Editorial: Brubaker's Captain America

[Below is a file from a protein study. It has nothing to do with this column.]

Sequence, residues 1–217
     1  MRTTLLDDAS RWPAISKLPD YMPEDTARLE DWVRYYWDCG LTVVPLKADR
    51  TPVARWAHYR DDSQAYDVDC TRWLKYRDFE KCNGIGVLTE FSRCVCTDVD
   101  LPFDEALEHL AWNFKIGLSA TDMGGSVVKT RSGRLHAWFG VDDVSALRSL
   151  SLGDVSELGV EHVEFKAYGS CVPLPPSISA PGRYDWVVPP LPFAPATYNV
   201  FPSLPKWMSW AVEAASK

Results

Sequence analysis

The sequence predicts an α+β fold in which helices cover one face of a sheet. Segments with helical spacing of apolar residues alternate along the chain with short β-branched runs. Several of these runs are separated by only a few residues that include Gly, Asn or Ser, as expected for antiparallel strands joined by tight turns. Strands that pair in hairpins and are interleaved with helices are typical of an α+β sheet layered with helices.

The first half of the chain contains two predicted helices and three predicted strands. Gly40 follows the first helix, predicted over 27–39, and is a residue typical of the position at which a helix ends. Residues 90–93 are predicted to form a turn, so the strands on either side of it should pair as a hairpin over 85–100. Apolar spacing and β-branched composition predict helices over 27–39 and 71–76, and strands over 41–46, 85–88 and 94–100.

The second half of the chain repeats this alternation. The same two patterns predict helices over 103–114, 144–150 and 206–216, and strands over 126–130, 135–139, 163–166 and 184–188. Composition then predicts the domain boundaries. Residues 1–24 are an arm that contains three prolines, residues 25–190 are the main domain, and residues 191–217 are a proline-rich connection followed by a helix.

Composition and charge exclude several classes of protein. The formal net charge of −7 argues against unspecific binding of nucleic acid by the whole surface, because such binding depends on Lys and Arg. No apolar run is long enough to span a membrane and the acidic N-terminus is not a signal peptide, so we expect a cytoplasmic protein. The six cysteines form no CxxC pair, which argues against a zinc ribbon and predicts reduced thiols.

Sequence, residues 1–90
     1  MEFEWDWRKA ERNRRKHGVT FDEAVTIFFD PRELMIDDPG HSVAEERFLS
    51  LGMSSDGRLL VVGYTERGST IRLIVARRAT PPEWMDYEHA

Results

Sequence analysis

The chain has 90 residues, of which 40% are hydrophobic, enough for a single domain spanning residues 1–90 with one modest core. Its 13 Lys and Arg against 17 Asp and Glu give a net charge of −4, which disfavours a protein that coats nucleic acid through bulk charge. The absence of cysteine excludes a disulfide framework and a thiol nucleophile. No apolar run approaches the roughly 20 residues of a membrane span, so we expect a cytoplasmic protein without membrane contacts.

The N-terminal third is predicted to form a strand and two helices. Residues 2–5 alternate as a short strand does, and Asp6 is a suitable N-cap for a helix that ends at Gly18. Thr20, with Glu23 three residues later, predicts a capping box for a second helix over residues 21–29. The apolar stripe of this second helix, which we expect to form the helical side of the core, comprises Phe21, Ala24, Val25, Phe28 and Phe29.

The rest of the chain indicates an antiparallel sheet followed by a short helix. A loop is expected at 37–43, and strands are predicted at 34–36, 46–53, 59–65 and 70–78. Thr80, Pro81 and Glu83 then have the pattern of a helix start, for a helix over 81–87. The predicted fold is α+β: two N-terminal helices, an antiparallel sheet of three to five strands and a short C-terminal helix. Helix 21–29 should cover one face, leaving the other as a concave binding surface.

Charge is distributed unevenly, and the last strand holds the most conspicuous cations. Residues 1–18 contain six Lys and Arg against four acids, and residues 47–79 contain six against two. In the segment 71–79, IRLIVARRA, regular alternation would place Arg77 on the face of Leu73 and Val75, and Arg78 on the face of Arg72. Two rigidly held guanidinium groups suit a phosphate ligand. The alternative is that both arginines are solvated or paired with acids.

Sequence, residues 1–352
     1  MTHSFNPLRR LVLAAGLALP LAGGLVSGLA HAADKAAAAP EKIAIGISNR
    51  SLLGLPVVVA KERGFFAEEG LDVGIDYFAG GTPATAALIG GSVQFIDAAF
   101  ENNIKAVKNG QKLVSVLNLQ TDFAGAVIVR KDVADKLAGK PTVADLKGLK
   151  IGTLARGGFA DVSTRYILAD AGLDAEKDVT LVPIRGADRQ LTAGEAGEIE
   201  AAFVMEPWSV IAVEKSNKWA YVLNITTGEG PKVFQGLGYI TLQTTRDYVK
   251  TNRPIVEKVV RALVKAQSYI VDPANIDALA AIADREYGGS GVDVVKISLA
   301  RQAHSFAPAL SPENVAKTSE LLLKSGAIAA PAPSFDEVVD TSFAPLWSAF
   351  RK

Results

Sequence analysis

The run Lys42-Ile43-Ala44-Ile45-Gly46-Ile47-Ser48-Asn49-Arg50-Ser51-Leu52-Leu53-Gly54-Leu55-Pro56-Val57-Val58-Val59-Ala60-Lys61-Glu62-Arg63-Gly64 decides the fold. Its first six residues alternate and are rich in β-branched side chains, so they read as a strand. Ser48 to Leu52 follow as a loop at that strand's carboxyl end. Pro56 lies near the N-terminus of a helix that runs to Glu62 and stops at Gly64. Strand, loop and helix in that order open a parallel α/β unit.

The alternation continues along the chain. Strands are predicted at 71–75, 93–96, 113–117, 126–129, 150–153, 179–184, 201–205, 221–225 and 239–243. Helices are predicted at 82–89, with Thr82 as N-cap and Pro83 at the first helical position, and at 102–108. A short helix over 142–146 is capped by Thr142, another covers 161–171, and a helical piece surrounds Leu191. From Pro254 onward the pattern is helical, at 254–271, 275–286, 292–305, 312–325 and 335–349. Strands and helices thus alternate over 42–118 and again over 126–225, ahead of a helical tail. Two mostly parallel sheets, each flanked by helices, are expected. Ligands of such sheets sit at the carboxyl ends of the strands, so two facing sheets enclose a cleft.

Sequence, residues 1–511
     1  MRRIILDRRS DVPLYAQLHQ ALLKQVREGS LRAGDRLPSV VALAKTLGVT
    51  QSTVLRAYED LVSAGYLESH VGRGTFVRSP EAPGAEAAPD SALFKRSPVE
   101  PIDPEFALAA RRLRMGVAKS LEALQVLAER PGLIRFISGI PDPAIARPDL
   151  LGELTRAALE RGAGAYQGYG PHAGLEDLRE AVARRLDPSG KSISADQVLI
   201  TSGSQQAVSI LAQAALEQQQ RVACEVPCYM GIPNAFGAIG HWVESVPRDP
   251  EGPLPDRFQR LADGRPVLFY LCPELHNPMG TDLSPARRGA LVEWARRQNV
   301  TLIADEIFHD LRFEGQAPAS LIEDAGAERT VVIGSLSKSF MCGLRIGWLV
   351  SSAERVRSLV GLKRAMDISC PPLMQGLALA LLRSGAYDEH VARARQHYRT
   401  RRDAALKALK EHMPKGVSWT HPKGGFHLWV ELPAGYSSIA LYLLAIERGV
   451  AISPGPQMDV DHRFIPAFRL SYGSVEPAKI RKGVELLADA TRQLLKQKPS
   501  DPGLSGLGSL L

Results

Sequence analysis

We try to stay away from politics here at Omnicomic; afterall, we are a site about comic books. Sure, we've done our fair share of stories about President Obama's increased presence in comics, but we've also touched on Sarah Palin, Condolezza Rice and Hillary Clinton also making appearances. Comics, like every other avenue of pop culture, have a tendency to look outside of itself for influences in stories. The latest look outside the box came in Captain America #602 (the first of the two-part "Two Americas" storyline, and it's upset a small subset of the American population. See, the issue in question has a three-page spread (after the jump) that features Captain America and the Falcon (I've heard his costume sucks) viewing a protesting crowd in Boise, Idaho, being led by a madman (in comics this is referred to as the villain). A brief exchange has gained the ire of the Tea Party movement: “A grassroots anti-government army” “…looks like some kind of anti-tax thing” “I don’t exactly see a black man from harlem fitting in with a bunch of angry white folks…” Why is this a big deal? The Tea Party movement (which I didn't know read comics to begin with) feel that the issue presents Captain America as fighting an "anti-tax, anti-government" government. The movement's disappointment with the exchange is further exemplified by the inclusion of signs in the crowd that read something to the extent of "Tea bag the libs before they tea bag you." Now, Fox News (notorious for being associated with the origins of the Tea Party) feel that Marvel is in the wrong for knowingly including the signs. Ed Brubaker disagrees. "I don't know who did it, probably someone who thought it was funny," Brubaker wrote in an e-mail. "I didn't think so, personally. That's the sign being changed to something more generic for the trade reprint, because I and my editor were both shocked to see it." I tend to agree with Brubaker here. If you look at the most offensive sign (the teabagger one) it's pretty apparent that it's Photoshopped in there. I would assume that a writer such as Brubaker would want a more refined lettering included in the scene than one that just looks like font plastered on the page. Joe Quesada has even backed this statement up with his Cup O' Joe, saying the following: "The book was getting ready to go to the printer, it was on fire already from a deadline standpoint, but the editor on the book noticed that there was a small art correct that needed to get done. On the first page featuring the protestors, the artist on the book drew slogans into the protest signs to give them a sense of reality and to set up the scene. On the following page featuring the protestors again, there were signs, but nothing written in them. From a continuity standpoint, this omission stood out like a sore thumb, but was easily fixable. So, just before the book went to the printer, the editor asked the letterer on the book to just fudge in some quick signs. The letterer in his rush to get the book out of the door but wanting to keep the signs believable, looked on the net and started pulling slogans from actual signs. That’s when he came upon this one. And used it in the scene and off it went to the printer. Unfortunately, to make the deadline, the work wasn’t double-checked thoroughly, and it was printed as is, which is where we as an editorial group screwed up. We spoke to the letterer, and he was mortified at his mistake and was truly sorry as he had no political agenda." So the sign is in the comic, and both Quesada and Brubaker deny knowing it was in there and have vowed not to make references to it in future issues. What about the "racist" remark by the Falcon? Sorry, just don't see the racist undertones. A quick check of Wikipedia (not the bastion of knowledge it would like to be I know but bear with me here) and the population of Boise, Idaho, is 92% white. The black population? .77%. That alone would be reason enough for a black character to hesitate causing a scene considering the explosive past this country has been through. Civil rights were passed barely 40 years ago, so it's expected that there will still be pockets of anger about it that would prompt such a comment. It seems to me that what happened was an honest mistake. Now Brubaker is, admittedly, a Democrat, so his motive for including such a sign would be there. If he did intend to include it, whatever happened to free speech though? The Tea Party is loosely based on the ideals behind the Boston Tea Party, where colonists were upset with being taxed without representation. Wasn't the destruction of the tea a precursor to the first amendment of the Constitution freedom of speech? Freedom of speech is ok when you're destroying tea, but not when writers are destroying the tea party? Comics and video games tend to have in common that when one of them feature a message, it gets completely blown out of proportion. Video games contend with this when there's scenes of simulated violence (Grand Theft Auto comes to mind). I think the big issue here is that the comic book in question, Captain America, featured what the Tea Party perceived as anti-American sentiments. Captain America was created as a response to Nazi Germany and his meaning then was much more patriotic than it is now. To foist upon the character the current ideals of the country is a little bit unfair as I don't believe Marvel intends to use him in the same way he was used originally. Getting up in arms about a print medium featuring a message that is unagreeable is what's really un-American. As mentioned earlier, the country was built on the idea that we the people speak for ourselves and Brubaker being one of the people gives him the right to write or say whatever he wants, whether it's viewed as inflammatory or not. Both Brubaker and Marvel have apologized for the sign's inclusion, which you could argue is just damage control and not sincere. What shouldn't get lost in this is their realization that a more mature audience reads comics, so including sentiments relevant to the times adds a bit more gravity to the story at hand. It's just unfortunate that one of the more relevant modern-day movements (Tea Party) is nonplused by being featured in a comic book. If the Tea Party can't handle that I'd like to point out that Archaia has a new Fraggle Rock comic launching that they can check out. I'm sure there won't be any "insulting" signs in that book.